Saturday, November 7, 2020

Westwell, Oxfordshire

Lives cut off

Cotswold villages: I live among them and think I know what to expect. Stone cottages, cottagey gardens, church towers, a background of hills. Nearly everything is built of the oolitic limestone for which the region is famous – from the churches to the shallow soil flecked with bits of pale flaky rock, it’s all about the stone. Then a Cotswold village presents me with something that makes me pause. Like this: a menhir-sized lump of limestone mounted on two gigantic stone steps. What could it be?

It turns out to be a war memorial. An inscription records that it was put up by Stretta Aimee Holland, who lived at Westwell Manor, to commemorate her two brothers who lives were lost in the First World War. Second Lieutenant Harold Price, who served with the 3rd Battalion Royal Fusiliers, was killed at the Second Battle of Ypres on 24 May 1915, the worst day in the war for the Royal Fusiliers, who lost 536 men. Lieutenant Edward John Price was a submariner whose vessel was stranded in the Dardanelles. He was taken prisoner by the Turks and died in a prison camp in central Turkey, perhaps a victim of the Spanish flu epidemic.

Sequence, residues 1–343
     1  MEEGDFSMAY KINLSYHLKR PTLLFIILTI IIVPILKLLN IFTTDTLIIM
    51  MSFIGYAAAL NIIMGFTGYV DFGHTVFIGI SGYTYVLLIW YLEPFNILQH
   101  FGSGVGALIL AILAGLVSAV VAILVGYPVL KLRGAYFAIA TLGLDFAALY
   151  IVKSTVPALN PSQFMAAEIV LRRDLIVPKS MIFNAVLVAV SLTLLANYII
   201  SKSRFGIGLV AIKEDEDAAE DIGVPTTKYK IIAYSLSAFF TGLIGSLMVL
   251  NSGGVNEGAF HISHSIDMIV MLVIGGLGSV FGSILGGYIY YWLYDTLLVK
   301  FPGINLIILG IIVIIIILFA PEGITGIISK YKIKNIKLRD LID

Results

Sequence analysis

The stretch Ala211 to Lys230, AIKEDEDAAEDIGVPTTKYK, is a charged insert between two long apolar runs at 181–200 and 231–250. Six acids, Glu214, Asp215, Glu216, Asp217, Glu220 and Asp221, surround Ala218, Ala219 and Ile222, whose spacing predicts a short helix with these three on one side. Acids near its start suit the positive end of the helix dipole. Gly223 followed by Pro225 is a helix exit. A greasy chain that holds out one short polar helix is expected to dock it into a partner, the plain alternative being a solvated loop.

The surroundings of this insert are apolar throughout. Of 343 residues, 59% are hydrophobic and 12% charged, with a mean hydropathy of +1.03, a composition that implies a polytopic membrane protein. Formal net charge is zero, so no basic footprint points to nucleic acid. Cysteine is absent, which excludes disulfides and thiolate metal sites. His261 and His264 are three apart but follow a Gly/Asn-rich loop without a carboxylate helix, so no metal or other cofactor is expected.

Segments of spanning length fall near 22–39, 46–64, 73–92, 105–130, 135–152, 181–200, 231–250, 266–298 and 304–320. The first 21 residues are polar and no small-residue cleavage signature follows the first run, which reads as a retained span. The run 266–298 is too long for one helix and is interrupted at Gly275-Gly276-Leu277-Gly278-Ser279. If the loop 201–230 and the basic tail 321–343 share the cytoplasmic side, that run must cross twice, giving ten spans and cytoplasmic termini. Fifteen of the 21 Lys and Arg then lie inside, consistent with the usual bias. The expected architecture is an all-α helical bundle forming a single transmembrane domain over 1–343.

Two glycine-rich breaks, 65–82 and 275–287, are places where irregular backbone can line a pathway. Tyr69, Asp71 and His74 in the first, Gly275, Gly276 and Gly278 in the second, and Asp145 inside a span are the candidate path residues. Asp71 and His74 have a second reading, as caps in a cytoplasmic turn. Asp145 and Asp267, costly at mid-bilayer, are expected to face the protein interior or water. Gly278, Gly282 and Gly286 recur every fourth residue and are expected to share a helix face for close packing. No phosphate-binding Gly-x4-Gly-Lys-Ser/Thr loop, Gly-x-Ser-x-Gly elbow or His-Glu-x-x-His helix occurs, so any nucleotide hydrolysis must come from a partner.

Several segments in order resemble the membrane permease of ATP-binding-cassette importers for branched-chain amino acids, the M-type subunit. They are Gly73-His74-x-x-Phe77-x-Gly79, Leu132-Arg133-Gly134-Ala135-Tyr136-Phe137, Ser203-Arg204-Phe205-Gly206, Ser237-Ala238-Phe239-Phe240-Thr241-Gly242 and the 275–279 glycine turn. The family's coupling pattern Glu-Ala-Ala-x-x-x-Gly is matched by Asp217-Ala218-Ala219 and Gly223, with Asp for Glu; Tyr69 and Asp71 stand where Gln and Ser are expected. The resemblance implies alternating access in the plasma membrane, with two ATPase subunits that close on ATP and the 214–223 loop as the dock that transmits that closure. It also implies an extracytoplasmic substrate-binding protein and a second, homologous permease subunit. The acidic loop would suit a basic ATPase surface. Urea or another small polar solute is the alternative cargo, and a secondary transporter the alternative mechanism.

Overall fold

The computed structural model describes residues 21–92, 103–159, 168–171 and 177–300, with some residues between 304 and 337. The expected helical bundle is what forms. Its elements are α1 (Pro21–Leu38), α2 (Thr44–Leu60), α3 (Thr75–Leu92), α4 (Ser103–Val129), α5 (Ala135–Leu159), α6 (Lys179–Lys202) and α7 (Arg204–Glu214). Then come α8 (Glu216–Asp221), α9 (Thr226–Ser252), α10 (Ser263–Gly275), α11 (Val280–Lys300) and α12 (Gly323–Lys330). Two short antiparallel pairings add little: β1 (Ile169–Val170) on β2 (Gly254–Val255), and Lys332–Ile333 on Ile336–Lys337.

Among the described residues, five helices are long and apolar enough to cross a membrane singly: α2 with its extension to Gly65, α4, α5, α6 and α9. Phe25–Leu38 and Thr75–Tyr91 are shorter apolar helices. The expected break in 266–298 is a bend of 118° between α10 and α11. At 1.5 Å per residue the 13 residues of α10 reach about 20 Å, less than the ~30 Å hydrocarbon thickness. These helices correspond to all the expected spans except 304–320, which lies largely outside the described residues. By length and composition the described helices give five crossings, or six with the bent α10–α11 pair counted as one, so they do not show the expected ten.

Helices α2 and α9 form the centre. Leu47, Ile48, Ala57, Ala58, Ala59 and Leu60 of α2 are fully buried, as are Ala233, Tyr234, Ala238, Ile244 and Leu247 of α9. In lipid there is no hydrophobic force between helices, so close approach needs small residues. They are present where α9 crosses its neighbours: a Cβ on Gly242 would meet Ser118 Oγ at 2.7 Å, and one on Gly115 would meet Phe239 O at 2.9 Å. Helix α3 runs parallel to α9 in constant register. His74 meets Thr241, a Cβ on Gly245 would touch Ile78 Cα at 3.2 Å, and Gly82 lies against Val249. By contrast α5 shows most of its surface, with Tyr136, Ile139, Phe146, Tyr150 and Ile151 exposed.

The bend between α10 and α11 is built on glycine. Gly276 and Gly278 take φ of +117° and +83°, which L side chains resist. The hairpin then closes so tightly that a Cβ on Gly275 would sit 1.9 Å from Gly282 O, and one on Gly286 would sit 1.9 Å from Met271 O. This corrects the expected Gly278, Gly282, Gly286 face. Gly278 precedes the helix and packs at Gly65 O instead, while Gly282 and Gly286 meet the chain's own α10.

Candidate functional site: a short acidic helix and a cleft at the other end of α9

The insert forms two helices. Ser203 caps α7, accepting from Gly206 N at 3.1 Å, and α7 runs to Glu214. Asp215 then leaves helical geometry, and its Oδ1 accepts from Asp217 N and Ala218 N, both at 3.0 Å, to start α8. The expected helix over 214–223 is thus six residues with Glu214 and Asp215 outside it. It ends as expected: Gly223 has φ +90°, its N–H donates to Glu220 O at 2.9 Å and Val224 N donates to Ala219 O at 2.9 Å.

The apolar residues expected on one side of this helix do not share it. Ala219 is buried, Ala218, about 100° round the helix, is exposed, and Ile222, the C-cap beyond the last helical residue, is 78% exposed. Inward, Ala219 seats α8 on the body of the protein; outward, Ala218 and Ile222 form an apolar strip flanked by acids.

The brother’s names are inscribed on an odd-looking brass plaque, which turns out to be a numeral from the clock on the old Cloth Hall at Ypres that was salvaged by Harold Price after the First Battle of Ypres. I find this rather odd memorial strangely moving. Its combination of salvaged French metalwork and local stone not only recalls the battle but also embodies lives lived, tragically, both at home and abroad. And am I fanciful in seeing the memorial’s rough-hewn state as a vernacular version of the broken column on some monuments and symbolic of lives not simply ended, but unfinished or broken?


Joseph Biddulph (Publisher) said...

This so much resembles a two-step village cross, I would probably have thought that this was what is was, and walked straight past.

Sally Johnson said...

Lovely.  This is what makes England England. 
I suspect people think they are looking for castles and cathedrals, but what they really want are pubs and heartfelt personal memorials to the heroes who went before us ... people we can aspire to be, who sat where we sit.  This memorial made me cry for the heartbroken family left behind.

Let us remember the thousands of heartbroken families left behind this Christmas with empty seats at their tables. So many memorials to come to replace the unheld funerals.

Jenny Woolf said...

What a very unusual memorial, I am not surprised that it caught your eye. It somehow makes the people involved seem more real after all this time. The salvaged numeral is so poignant, one realises how much was decimated during that cruel stupid and senseless war.